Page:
A deeply divided United Kingdom has officially ended its 47 years of European Union membership as the clock strikes 11pm in London and midnight in Brussels — and the slated 11-month ‘transition period’ has formally begun.
The long and rocky road to the divorce began three-and-a-half years ago when 52 percent of Brits voted to cut their losses and take their country out of the 28-member bloc (now 27).
Three prime ministers, two general elections, and plenty of national anxiety and rancor later, the day has finally arrived, in a moment long-awaited by some and desperately dreaded by others.
What are the immediate changes?
While Britain’s exit from the EU is a seismic political event which will eventually transform London’s relationship with the bloc, at first, not a huge amount will actually change in practice for citizens.
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The UK, for now, will keep some of the benefits and obligations associated with membership. British citizens will continue to enjoy free travel around the union, but they will no longer be EU citizens. The UK will remain an integrated part of the single market, but British MEPs will head home and will no longer have any say in decision-making processes. EU citizens residing in the UK must apply for Britain’s ‘settled status scheme’ allowing them to remain in the country post-Brexit.
Things like driving licenses, pet passports, and European Health Insurance cards will all continue to be accepted. For the time being, trade will also continue uninterrupted without any new checks or charges.
A commemorative Brexit coin bearing the date January 31 and the words “Peace, prosperity and friendship with all nations” will also come into circulation on Friday.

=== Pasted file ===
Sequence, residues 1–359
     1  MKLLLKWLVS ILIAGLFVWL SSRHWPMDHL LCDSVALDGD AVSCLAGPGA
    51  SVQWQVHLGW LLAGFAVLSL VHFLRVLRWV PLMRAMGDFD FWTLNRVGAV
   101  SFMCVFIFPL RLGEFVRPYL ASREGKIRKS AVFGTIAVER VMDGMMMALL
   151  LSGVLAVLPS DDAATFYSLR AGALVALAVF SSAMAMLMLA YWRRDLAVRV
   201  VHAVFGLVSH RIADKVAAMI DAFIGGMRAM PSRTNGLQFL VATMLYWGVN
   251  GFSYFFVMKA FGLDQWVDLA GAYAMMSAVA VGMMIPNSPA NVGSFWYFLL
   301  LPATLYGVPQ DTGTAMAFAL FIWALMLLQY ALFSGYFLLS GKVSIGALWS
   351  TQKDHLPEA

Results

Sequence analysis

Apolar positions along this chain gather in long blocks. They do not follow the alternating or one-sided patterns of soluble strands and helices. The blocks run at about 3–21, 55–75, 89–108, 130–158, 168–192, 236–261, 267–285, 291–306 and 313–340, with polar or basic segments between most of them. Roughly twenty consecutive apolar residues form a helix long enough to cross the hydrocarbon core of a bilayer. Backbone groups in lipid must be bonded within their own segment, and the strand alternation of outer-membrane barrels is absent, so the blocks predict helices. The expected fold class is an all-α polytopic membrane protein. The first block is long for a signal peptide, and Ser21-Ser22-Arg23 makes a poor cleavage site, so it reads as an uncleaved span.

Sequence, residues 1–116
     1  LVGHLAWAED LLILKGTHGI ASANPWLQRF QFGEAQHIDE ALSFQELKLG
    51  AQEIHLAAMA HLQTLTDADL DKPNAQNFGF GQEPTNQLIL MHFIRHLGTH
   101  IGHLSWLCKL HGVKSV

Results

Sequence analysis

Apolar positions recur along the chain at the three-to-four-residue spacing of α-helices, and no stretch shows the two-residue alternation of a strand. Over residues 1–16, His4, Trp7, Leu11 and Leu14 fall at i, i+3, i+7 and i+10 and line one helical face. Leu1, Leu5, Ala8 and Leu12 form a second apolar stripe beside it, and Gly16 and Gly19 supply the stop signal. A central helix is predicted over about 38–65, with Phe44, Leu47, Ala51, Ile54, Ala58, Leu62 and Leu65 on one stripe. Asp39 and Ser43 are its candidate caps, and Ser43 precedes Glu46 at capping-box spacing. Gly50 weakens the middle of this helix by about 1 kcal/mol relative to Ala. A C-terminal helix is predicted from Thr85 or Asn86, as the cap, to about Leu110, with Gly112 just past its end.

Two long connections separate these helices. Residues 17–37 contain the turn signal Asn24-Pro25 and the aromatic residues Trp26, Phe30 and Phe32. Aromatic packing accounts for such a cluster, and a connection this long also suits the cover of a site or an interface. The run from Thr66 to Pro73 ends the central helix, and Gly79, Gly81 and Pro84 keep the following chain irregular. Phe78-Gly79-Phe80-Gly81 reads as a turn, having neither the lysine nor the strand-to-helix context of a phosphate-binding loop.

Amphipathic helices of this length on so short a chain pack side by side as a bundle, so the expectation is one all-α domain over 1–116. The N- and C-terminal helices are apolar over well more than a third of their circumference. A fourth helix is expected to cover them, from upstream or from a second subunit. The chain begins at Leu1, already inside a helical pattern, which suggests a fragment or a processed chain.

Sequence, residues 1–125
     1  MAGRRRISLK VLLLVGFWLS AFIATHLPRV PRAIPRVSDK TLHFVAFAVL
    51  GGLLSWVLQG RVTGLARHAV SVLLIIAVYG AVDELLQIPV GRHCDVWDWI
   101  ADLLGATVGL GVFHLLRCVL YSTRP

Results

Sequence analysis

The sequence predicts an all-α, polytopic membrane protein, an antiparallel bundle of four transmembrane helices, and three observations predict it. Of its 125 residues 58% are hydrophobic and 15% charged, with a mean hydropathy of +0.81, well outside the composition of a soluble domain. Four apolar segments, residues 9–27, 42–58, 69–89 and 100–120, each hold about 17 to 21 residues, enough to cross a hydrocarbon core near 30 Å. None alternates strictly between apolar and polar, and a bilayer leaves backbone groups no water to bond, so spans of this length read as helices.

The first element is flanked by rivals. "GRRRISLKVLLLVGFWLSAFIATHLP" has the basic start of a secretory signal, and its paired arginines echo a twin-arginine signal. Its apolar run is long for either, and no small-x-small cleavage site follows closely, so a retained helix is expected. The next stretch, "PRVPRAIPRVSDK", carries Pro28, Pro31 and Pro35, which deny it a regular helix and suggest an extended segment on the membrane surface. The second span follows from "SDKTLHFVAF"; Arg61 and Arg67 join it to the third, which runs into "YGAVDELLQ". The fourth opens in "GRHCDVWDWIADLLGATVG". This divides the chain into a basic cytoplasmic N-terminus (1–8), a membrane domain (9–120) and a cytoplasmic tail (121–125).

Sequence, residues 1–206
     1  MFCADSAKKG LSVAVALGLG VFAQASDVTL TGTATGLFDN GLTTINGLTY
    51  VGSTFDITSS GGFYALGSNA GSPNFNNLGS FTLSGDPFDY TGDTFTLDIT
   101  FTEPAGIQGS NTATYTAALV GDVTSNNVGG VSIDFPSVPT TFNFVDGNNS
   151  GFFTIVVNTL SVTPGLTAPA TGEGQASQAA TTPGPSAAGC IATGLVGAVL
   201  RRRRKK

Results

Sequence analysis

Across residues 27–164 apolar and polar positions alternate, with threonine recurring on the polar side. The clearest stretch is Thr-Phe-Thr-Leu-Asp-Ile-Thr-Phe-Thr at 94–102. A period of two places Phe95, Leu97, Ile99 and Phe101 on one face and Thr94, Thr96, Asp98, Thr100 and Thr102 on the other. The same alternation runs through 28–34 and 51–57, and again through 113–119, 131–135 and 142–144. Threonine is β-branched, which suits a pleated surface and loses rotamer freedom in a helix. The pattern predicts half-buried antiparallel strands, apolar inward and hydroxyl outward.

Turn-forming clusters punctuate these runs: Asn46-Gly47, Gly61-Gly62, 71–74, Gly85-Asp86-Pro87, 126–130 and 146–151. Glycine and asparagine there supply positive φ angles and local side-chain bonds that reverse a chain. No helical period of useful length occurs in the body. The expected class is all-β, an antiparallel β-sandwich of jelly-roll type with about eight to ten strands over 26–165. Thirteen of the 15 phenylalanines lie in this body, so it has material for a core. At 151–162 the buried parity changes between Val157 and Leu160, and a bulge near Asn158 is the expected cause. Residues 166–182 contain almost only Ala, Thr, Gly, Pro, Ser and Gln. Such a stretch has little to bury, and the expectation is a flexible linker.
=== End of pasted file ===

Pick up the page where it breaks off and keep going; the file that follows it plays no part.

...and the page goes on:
‘Transition period’ changes
More changes will come into effect over the coming months. British passports, for instance, will switch back to the old blue and gold design (though the burgundy ones will still be recognized).
Politically, the focus will now switch from debates over Leave vs. Remain and the specifics of the withdrawal agreement to how British Prime Minister Boris Johnson can secure advantageous trade deals with the EU — and, he hopes, the US.
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Negotiations with Brussels are expected to begin on February 25 and will focus on a swathe of issues including things like fisheries, security, environmental standards, and tariffs. Britain has already set out its aims for talks in a 27-page ‘Political Declaration’ document.
It will be a tense period for businesses across the UK who still don’t know what to expect beyond the end of 2020. Johnson has promised that the transition period will not extend past December 31, though experts have said this is highly optimistic and some envisage a trade deal taking “years” to pin down.
If Johnson changes his mind and decides an extension to the transition period is in order after all, he will have to request it before July 1.
How did they get there (for those who lost track)?
Leaving a massive constitutional drama in his wake, former PM David Cameron stepped down in July 2016 weeks after the Brexit vote. He was succeeded by Theresa May, who shocked Britain by calling for a snap election in 2017.
That was ultimately a decision that turned out to be disastrous for the Conservative Party, as May lost her majority in the House of Commons and set the scene for two years of stalemate and tiring twists and turns surrounding the formation and passing of a withdrawal agreement.
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The deal negotiated with Brussels by May suffered an overwhelming defeat in Parliament in January 2019 and two further defeats in March, leading May to step down in June, having failed to convince MPs to back her plan.
Succeeding May in July 2019, Boris Johnson managed to secure some changes to the withdrawal agreement before calling for a snap election to be held in December, which the Tories won handily, ensuring his deal would sail through the House of Commons and that Britain would leave the EU on January 31.
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